Document Type

Conference Proceeding

Faculty

Faculty of Computing, Health and Science

School

School of Engineering (SOE)

RAS ID

13303

Comments

This article was originally published as: Farhan, U. H., & Tolouei Rad, M. (2011). Design of modular fixtures using a 3D-modelling approach. Paper presented at the 19th International Congress on Modelling and Simulation. Australian Mathematical Sciences Institute. Perth, Australia. Original article available here

Abstract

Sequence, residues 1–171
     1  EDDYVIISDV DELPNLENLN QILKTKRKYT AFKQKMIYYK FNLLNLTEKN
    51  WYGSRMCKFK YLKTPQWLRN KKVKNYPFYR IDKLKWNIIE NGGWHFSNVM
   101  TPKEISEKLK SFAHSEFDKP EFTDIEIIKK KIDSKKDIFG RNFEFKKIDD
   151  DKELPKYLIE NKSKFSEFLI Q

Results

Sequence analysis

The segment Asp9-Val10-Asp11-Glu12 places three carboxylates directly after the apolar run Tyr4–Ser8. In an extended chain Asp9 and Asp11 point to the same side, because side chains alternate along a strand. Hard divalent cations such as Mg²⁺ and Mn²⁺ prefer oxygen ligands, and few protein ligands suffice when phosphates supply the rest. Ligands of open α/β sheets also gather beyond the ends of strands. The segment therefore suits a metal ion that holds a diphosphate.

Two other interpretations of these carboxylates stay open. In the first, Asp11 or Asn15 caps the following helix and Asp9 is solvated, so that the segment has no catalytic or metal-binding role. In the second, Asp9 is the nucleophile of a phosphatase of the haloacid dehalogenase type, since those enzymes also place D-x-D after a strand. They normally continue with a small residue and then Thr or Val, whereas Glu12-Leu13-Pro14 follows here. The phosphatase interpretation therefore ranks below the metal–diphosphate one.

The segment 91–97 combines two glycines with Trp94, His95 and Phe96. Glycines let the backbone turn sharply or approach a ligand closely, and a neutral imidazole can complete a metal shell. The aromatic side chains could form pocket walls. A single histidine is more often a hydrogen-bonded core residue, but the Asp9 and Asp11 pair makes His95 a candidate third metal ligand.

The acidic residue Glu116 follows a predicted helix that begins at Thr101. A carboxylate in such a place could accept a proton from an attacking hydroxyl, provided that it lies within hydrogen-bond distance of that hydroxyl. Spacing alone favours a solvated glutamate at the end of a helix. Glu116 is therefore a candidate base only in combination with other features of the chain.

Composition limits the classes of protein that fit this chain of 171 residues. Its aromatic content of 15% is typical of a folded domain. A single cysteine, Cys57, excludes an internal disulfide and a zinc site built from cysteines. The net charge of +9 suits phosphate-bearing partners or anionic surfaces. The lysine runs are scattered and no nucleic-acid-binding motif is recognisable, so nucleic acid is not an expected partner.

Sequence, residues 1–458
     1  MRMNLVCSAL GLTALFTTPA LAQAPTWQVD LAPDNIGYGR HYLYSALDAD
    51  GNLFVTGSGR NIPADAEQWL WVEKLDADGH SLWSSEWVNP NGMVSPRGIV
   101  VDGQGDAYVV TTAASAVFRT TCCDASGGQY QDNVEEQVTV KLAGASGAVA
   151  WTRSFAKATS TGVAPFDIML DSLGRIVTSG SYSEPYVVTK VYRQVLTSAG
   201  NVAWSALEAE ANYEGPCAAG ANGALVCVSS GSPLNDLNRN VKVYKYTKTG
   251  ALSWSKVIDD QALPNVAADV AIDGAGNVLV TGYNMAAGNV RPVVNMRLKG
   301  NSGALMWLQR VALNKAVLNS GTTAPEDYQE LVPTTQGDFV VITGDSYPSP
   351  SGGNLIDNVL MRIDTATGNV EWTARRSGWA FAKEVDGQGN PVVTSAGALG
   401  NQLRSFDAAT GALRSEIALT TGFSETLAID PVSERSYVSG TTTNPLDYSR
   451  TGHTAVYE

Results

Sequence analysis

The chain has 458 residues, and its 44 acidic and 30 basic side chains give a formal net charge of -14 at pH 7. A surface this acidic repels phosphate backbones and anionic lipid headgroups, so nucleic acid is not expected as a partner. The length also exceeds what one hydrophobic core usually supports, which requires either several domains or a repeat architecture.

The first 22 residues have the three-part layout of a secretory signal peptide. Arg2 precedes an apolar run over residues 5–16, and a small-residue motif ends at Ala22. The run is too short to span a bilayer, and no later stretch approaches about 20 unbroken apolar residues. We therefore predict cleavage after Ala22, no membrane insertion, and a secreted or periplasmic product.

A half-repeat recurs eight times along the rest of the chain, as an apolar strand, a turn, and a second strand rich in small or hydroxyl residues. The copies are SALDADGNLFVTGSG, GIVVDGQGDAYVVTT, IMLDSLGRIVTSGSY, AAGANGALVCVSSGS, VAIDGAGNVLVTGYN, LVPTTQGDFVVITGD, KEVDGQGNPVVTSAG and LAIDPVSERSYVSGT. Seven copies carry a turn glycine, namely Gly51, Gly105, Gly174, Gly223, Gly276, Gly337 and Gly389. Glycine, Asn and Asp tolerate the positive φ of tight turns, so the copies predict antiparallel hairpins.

The need for improved productivity and reduced time to market has been increased significantly in manufacturing processes in recent decades. There are many factors that play a role in providing manufacturing processes with more productivity. One is the use of modular fixtures (MFs). MFs have brought many benefits to manufacturing industries including reduced costs and times of production. An MF can be defined as a complete system that consist different elements for effectively and securely holding the workpiece in place for performing various machining operations. Generally an MF is made by assembling a number of fixture elements in a feasible sequence that is properly determined. Traditionally, the most common method of determination of fixture elements and assembly sequences are making use of 2D drawings and physical models. Obviously these are not efficient methods in the world of advanced manufacturing technologies and there is a vital need for developing more efficient methods. A solution to this is developing a CAD-based 3D-modelling and simulation system to determine the types and of feature elements and the sequence of assembly. Such a system can help fixture designers find the proper MF designs by defining the relationships between fixture elements and workpieces. Designing MFs and fixture elements is a very complex and time-consuming task even by making use of CAD software. A methodology has been developed to simplify this task by determining fixture elements and assembly sequences in a 3D-modelling environment. A fixture elements database is established and the fixture elements are divided into different categories depending on geometries and functions. Currently, MF systems can be constructed from standard MF elements. These elements are pre-manufactured components that include base-plates, clamps, and locators; and they can be re-used after disassembly. These can later be used for other workpieces within a specified range of sizes and shapes. In order to use these elements effectively, the CAD environment is exploited with developing a database which contains 3D models of standard MF elements. For most workpieces standard MF elements can be extracted directly from the developed database. However, for some workpieces with non-conventional geometries or shapes customised fixture elements should be designed in a 3D CAD environment. A modelling approach is used to find the appropriate MF design that suits the machining processes in need. To do so many parameters are taken into consideration including the number of workpieces to be machined; type of machining operation; locating method; clamping mechanism; and so on. The methodology developed for MF design has been implemented in a 3D modelling environment by making use of a powerful 3D modelling software, SolidWorks. It makes use of a database which contains 3D models for standard fixture elements. This database is divided into three main categories and each category is divided into different sub-categories depending on the type and function of the MF elements. SolidWorks software provides an excellent 3D environment that can be utilised to model fixture elements and determine assembly processes. This is accomplished by applying mating relationships after considering workpiece setup and fixture elements to achieve the optimum MF assembly design. This paper explains the methodology developed for semi-automated MF design. A case study has been presented to show the validity of the methodology proposed.

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